Manitoba flood: soldiers arrive to help
About 100 soldiers from CFB Shilo were seen arriving near Portage la Prairie, Man., on Saturday morning. Ryan Hicks/CBC
Soldiers have begun setting up in southern Manitoba to help with the flood fight there, including the planned breach of the Hoop and Holler Bend along the Assiniboine River, which government officials say will go ahead only as a last resort.
About 100 soldiers from CFBShilo, a military base in western Manitoba, were seen arriving near Portage la Prairie, Man., on Saturday morning.
- LIVE BLOG: Updates from CBC reporters in the field
The soldiers, along with reservists from Portage la Prairie and Winnipeg, started filling sandbags at a provincial government yard in the afternoon.
"Right now it's 30-plus degrees out here and sunny, and our soldiers are going to be filling up sandbags," said Maj. Mike Lagace.
"We've got our stations and they're going to be working hard. But they're young, strong soldiers, and we've done it the past and we'll do it in the future."
Manitoba Premier Greg Selinger declared a province-wide state of emergency on Friday and asked the federal government to have Canadian Armed Forces soldiers in Manitoba to assist with flood relief efforts.
On Saturday, Selinger said upwards of about 400 troops could be on the ground, helping out with sandbagging and assisting homes in flooding hotspots.
A command centre is being established near Portage la Prairie to assist with liaison efforts between the military and the affected communities, Selinger said.
The Canadian Forces personnel will work to reinforce the dikes along the Assiniboine River between Portage la Prairie and Winnipeg, where 200 homes are at risk.
They will also help raise the dikes along the Portage Diversion — a 29-kilometre channel that directs some of the flood water from the Assiniboine north to Lake Manitoba.
Heavy rainfall in southeast Saskatchwan and southwest Manitoba has led to overland flooding this past week, and provincial officials are expecting floodwaters from the Assiniboine to surge through the province in the coming days.
Breach made in same area in 2011
The province announced late Friday that it wanted to make a controlled cut in the Hoop and Holler Bend to ease the flood threat along the Assiniboine River.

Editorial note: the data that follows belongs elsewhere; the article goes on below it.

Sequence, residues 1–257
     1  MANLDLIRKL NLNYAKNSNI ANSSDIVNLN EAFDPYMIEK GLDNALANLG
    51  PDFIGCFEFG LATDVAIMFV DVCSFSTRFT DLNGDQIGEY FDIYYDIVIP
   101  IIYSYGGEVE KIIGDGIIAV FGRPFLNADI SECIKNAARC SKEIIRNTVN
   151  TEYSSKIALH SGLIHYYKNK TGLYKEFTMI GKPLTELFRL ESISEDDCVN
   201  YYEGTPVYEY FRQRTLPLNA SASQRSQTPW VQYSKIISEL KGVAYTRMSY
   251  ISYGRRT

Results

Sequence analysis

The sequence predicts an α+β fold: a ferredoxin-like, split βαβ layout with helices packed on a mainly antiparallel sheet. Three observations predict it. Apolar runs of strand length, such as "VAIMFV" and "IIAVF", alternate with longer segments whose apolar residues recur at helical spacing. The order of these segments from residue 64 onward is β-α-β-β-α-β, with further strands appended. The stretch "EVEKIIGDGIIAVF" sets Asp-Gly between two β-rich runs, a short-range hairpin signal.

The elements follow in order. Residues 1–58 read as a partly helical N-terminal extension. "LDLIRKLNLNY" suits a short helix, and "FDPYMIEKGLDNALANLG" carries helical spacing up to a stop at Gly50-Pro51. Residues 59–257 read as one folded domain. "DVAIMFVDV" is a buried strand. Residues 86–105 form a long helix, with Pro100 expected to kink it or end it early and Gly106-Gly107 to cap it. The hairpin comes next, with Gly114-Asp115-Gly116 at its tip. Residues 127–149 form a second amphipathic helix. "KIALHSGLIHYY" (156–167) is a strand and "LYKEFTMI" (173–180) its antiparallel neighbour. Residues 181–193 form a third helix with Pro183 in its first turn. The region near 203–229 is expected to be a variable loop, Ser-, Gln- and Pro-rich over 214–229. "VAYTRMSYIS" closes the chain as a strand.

On Saturday afternoon, officials said the Hoop and Holler breach will only be used as a last resort if high river flows pose a serious risk of uncontrolled breaches in other dikes along the river.
Crews are preparing the site of the breach this weekend, while about 150 homes within the potential flood zone are being protected, according to officials.
Hoop and Holler, which is a bend in the river, is the same location that was intentionally breached during the spring flood of 2011.
Back then, excavators cut through a roadway that had doubled as a dike, allowing floodwaters from the river to spill onto nearby farmland.
The deliberate breach was criticized in 2011 after less water had drained out than expected.
"At this point, I'm not sure that they're going to gain what they think they're going to gain. It didn't really do anything the last time," said Lorna Boschman, whose home is near the breach site.
Boschman said she is packing her belongings and preparing to leave at any time.
The 2011 cut at Hoop and Holler still flooded farm fields, and area farmers say they're angry that their land and crops are being sacrificed a second time.
"I'm not surprised that we're looking at this same thing all over again," Lourens Arendse, who grows specialty crops near the Hoop and Holler Bend, told CBC News Friday night.
"Basically gives you an idea about the incompetency of the organizations in charge here."
'It's happening again'
Jim Williams, another area farmer, said he learned of the breach when a friend texted him.
"Very upset," Williams said. "They told us the last time this was a one-time deal, and now all of a sudden it's happening again."
Shea Doherty of Our Farm Greenhouses said he's not happy with the prospect of losing his vegetable crop to another Hoop and Holler cut.
"We're being sacrificed for larger populated area — a lot of farmland and we feed a lot of people," he said.
As was the case in 2011, flood officials said they are concerned that if they don't create a controlled breach, other dikes along the river's path could collapse.
"This is what we now consider to be the threshold for us to start preparing the Hoop and Holler … for a controlled breach so that we don't have uncontrolled breaches in the system," Doug McMahon, the province's assistant deputy minister of water management, said Friday.
Selinger said breaching the dike at Hoop and Holler will relieve pressure on the river and the dikes along its path, protecting about 400 homes and farms.
Arendse said when Hoop and Holler was breached in 2011, his crops had not been planted yet. But this time around, his crops are already in the ground and in danger of being lost.
"Three years ago you got the energy, you put your shoulders onwards, you do what you have to do and there's the promise inside that things will change in the future," he said.
"Now, just from talking with all the neighbours here at this point, nobody has the energy to go through this again. You just can't do it. So now I guess we're totally dependent on help from outside."